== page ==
Submissions should be from filmmakers who have produced films that embrace black experiences worldwide and/or experiences of marginalized communities from across the globe. Submissions are invited from filmmakers from all over the world with special emphasis on world cinema (films that explore history, social issues and highlight marginalized communities).

Friday 20 February – Saturday 28 February 2009

ALUTA FILM FESTIVAL accepts features, documentaries and short films in the genres/sub-genres of drama, action, thriller, comedy, animation and factual. Filmmakers must guarantee, should their film/video be selected, that permission from the rights holder is secured for a minimum of four screenings at the 7th annual Aluta Film Festival 2009.

Filmmakers are requested to submit DVD PAL screeners of their films and a brief filmmaker biography for viewing by our panel, upon viewing – all selected filmmakers will be forwarded the official application details as well as all festival regulations. Please note that no screeners will be returned.

Friday 31 October 2008 on/before 12h00

For additional information feel free to contact festival director at or All entries should be forwarded to the below mentioned address:

Motheo Seleke
Aluta Film Festival
18985 Guttenburg Pitse Street
John Mampe. Phase One
Galeshewe. Kimberley. 8300
South Africa



Cape Town-based DFA member Joanne Corrigall writes:

We are currently making a documentary on drinking culture in the Western Cape that adopts a provocative, tongue-in-cheek style drawing inspiration from films like Supersize Me and Bowling for Columbine. I am looking for a young filmmaker to assist with the following:
- cinematography
- script-writing
- research
- production

The post is ideally suited to someone with an interest in what makes people tick and a sense of humour is vital! Applicants should have completed trained in filmmaking. Experience is beneficial but not necessary. Fluency in Afrikaans or isiXhosa would be advantageous.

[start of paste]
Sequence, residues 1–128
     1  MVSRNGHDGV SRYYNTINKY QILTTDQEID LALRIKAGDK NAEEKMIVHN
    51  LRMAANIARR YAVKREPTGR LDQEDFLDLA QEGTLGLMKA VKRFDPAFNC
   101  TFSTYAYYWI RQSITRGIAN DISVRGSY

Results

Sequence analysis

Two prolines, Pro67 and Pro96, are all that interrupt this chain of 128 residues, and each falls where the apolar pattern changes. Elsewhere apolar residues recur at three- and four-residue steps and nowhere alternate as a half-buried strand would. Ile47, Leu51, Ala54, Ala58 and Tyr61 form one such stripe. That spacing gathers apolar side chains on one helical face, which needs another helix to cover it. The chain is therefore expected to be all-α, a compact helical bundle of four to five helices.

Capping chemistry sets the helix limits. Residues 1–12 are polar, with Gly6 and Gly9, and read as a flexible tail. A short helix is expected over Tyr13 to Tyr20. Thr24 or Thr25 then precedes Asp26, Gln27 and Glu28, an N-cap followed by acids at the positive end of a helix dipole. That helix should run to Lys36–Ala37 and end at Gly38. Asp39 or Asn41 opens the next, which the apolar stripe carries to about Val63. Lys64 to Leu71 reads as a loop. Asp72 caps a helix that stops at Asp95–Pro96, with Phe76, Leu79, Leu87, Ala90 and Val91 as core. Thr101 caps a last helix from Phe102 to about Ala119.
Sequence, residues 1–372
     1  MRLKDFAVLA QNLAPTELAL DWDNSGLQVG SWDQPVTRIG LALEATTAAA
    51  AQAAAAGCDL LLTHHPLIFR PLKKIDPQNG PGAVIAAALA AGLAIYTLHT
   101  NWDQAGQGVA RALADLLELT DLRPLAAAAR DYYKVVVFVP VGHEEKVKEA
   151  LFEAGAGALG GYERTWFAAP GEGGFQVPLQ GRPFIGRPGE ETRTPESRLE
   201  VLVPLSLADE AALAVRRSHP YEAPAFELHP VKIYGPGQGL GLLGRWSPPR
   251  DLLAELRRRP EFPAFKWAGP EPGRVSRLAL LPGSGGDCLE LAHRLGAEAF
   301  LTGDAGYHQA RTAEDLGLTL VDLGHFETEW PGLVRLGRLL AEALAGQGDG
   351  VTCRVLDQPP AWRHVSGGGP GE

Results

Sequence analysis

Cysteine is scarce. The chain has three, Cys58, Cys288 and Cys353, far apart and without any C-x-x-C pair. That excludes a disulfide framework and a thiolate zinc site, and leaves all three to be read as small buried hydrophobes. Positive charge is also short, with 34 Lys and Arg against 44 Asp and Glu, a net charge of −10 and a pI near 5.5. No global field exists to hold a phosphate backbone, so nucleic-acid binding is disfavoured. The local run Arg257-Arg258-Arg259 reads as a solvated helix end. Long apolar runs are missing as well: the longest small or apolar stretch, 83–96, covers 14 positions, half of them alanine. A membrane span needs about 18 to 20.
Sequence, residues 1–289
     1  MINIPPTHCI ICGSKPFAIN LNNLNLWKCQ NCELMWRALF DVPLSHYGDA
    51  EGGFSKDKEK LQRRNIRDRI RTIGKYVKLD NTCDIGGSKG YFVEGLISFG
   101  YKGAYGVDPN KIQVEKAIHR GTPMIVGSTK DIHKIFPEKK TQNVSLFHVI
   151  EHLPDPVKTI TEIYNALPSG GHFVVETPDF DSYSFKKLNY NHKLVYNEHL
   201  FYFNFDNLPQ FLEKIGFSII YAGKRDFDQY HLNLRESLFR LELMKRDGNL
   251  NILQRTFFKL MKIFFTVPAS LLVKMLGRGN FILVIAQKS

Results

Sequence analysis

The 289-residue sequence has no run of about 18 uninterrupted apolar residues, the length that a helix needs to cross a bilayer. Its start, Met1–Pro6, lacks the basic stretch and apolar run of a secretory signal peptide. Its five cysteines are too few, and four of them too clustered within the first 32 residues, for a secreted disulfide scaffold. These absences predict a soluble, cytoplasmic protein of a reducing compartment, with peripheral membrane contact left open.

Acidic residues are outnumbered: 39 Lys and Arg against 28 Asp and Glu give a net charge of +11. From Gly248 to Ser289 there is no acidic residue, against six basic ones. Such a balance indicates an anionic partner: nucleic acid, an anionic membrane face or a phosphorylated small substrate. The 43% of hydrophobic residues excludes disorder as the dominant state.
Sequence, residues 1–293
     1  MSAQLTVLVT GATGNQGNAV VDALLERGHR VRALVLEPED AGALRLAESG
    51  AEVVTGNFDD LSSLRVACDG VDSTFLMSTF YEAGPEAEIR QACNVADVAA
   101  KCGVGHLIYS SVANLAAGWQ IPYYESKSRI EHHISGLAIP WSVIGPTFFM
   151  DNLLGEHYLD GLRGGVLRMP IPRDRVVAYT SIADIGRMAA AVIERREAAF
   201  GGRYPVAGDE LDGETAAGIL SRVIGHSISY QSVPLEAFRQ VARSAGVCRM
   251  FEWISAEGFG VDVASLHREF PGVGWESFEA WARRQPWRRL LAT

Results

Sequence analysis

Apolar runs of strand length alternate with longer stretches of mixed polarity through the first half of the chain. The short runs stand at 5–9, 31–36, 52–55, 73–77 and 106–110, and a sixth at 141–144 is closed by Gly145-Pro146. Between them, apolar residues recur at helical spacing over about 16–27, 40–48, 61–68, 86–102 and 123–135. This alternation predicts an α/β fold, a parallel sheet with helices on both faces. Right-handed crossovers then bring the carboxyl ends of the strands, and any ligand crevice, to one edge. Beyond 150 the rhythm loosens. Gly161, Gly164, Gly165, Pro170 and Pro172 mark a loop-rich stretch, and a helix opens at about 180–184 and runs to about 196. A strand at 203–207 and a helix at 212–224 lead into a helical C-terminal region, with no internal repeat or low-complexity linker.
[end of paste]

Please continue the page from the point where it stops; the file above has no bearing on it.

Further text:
The position is available immediately until the end of February 2009. Interested applicants can contact me by email on or telephonically on 084 516 9162.



Filmmakers Against Racism (FAR) and the SABC invite you to a dialogue on the role and responsibility of the audio-visual medium in combating xenophobia. The discussion will include clips from the documentaries produced by FAR in response to the recent xenophobic violence, and will be facilitated by Mandla Langa and attended by all the filmmakers involved.

The discussion will take place as part of the Durban International Film Festival on Tuesday 29th of July.
Venue: Catalina Theatre, Durban
Time: 15:00 – 17:00



Why is there such a crisis at the SABC? The following presentation was made at a forum on civil society strategies to deal with the current crisis at the SABC. The forum was convened by the Open Society Foundation and attended by a range of civil society organisations and concerned individuals
Unpacking the crisis at the SABC. To read Jane Duncan’s presentation, click here




“Independent Television Service continues to reinvent television and give public television back to the public.” –Daily Variety

This production funding initiative is designed to showcase international documentaries with powerful global stories that inform, inspire and connect Americans to the world at large.